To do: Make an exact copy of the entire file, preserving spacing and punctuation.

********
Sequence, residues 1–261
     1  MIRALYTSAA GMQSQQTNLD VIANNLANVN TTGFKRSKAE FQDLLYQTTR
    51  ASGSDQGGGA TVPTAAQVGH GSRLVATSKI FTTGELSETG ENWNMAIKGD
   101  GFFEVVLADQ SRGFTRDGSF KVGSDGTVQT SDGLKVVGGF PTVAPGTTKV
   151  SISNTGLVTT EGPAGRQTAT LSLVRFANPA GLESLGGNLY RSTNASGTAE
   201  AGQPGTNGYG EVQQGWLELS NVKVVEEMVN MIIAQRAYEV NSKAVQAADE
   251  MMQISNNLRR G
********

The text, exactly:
Sequence, residues 1–261
     1  MIRALYTSAA GMQSQQTNLD VIANNLANVN TTGFKRSKAE FQDLLYQTTR
    51  ASGSDQGGGA TVPTAAQVGH GSRLVATSKI FTTGELSETG ENWNMAIKGD
   101  GFFEVVLADQ SRGFTRDGSF KVGSDGTVQT SDGLKVVGGF PTVAPGTTKV
   151  SISNTGLVTT EGPAGRQTAT LSLVRFANPA GLESLGGNLY RSTNASGTAE
   201  AGQPGTNGYG EVQQGWLELS NVKVVEEMVN MIIAQRAYEV NSKAVQAADE
   251  MMQISNNLRR G